Sunday, July 22, 2012

Microsoft People vs. Apple People


There are Microsoft people and Apple people.

Microsoft people want every option, and can't imagine why others would find the surfeit of choices intimidating or annoying.

In the parlance of psychology, they are "optimizers".

Apple people want a simple, elegant experience, and care little about individual features. They adapt to the limitations presented to them, perhaps without even thinking about them.

In the parlance of psychology, they are "satisficers".

The approach you take depends on your read on your audience. Just recognize that you can't make both of them happy.

Microsoft serves corporate IT, which historically consists of highly-technical control freaks who don't give a damn about the end users.

Microsoft dominates this market, despite the fact that Apple's products and marketing are generally considered superior.

Apple made its money by convincing individual consumers to part with their money, in part by not making them feel like their missing out if they choose "Standard" rather than "Custom" when installing a new piece of software.

Apple dominates this market, despite the fact that Microsoft has spent untold billions on things like the Zune, and despite Microsoft's historical dominance in OS shipments and the Office suite.

The point is, you have to choose. If you don't, you end up with things like Microsoft's consumer products or Apple's datacenter products--strange chimeras which flail in the marketplace.

Where does your audience fall on this continuum?

(This post began as a comment on PandaWhale)

8 comments:

Anonymous said...

I don't know that Apple's products are "generally" considered to be superior. That sounds like anecdotal evidence to me.

Superiority comes in many forms and one major benefit of using Windows is not being locked into a single vendor's hardware. Another benefit is that Microsoft's business programming frameworks are vastly superior to Apple's anemic offerings in that arena, simply due to the fact that Microsoft actually has coverage in certain areas and Apple doesn't.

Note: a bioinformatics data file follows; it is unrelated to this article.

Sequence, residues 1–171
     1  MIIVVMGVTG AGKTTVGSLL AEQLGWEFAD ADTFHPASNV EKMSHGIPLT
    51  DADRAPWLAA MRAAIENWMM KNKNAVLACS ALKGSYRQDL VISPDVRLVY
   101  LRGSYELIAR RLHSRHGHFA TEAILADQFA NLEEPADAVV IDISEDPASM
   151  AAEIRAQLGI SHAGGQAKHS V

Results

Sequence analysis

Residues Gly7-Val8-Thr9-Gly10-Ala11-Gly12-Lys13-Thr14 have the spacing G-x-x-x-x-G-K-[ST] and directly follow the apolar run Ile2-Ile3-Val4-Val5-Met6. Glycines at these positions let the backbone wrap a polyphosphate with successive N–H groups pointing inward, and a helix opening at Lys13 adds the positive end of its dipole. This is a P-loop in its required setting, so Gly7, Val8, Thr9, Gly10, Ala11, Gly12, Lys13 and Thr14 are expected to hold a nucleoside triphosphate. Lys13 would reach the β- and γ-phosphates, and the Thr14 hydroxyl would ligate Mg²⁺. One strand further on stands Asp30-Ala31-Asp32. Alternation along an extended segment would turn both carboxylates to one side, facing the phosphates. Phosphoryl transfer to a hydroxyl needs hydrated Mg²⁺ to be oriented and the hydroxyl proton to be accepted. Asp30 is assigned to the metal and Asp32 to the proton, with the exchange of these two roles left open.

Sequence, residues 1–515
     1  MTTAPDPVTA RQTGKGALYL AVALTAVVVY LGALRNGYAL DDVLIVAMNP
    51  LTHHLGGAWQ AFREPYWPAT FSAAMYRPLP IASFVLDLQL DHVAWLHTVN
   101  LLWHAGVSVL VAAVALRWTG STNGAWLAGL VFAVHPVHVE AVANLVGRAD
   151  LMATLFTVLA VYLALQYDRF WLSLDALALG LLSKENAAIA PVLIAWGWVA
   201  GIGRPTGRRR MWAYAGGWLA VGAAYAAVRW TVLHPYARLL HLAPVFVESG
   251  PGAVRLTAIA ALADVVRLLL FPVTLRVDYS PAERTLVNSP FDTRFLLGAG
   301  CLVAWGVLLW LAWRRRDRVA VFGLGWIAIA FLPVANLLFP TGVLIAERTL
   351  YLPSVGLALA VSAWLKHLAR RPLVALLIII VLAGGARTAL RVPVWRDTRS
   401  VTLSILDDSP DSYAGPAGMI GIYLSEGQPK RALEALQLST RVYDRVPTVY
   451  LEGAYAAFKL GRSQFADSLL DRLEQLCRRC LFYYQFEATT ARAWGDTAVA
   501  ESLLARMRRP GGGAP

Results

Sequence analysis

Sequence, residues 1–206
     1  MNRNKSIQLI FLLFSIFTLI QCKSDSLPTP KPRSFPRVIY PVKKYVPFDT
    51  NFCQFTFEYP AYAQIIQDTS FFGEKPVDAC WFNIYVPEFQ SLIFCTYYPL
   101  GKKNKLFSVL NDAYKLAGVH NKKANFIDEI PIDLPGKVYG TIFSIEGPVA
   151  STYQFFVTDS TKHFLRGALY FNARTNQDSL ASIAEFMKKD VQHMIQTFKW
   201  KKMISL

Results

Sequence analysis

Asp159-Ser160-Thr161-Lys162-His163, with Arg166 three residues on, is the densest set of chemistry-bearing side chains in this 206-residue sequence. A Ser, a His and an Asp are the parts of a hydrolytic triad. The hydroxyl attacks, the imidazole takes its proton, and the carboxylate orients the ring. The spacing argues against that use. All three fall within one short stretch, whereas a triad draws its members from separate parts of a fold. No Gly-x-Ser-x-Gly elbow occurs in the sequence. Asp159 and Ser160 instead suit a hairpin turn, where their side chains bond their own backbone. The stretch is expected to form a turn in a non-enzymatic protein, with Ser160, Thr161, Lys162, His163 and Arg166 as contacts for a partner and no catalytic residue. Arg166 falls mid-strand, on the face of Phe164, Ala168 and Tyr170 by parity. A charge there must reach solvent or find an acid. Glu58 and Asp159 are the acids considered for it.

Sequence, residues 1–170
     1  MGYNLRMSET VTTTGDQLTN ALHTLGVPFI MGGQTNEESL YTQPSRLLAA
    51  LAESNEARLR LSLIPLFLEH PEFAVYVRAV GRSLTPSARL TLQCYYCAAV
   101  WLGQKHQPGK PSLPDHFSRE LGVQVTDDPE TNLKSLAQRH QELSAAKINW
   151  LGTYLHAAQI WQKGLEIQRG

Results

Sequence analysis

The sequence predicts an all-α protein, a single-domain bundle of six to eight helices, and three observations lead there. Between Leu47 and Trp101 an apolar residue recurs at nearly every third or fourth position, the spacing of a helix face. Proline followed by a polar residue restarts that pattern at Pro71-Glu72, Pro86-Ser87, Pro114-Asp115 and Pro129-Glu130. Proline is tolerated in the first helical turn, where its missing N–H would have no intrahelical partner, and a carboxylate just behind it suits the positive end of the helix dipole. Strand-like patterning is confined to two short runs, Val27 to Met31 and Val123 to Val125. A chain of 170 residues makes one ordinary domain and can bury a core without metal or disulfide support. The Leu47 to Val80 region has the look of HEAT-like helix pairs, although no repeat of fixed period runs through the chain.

Chris said...

There's no good way to prove what is considered superior; Amazon and Consumer Reports ratings are generally fairly reliable, and Macs generally get better ratings.

The second half of the comment illustrates my point; for Apple people, they don't view hardware lock-in or business programming frameworks as relevant to their decision making. In fact, I doubt they even know what those terms mean.

ranndino said...

I work in the field of designing interfaces and all usability tests show that the normals (my favorite term to distinguish regular people from techies, from a Techcrunch article) vastly prefer simple UI's. In fact, most techies would be surprised just how easily the normals are confused even by relatively simple UI's.

There is a way to satisfy both, the normals and the techie power users though. You can design an advanced feature set that is not turned on by default. The techies will find how to enable it while most normals won't even be aware that it's an option.

Chris said...

ranndino,

I agree that techies often lack an understanding of how normals see things.

There are good examples of UIs that grow in complexity over time--they're called video games, and normals seem to do just fine with them.

The issue is that user experience design is much more emphasized in videogames than it is in applications.

Anonymous said...

Guess what's even more reliable than ratings and guess work? Market share.

People vote with their dollars, so
price and availability must be considered as part of a product's superiority. For instance...we can make "superior" transistors and CPUs from graphene now...but it will cost you $100,000,000 to buy one.

Foobarista said...

Our office has about half PC users and half Linux users. A few of the senior managers and marketing people use Macs, but no developers use them at work.

For Linux people, it's obviously a non-issue - as far as they're concerned, a Mac is a very expensive way to get a Unix command line. For PC developers, it's still the case that there are more tools and support for PC's, and many (like me) just use them to get command-lines on backend servers. If I'm mostly running email/web and terminal windows, I'd rather save the company $$ and use a PC.

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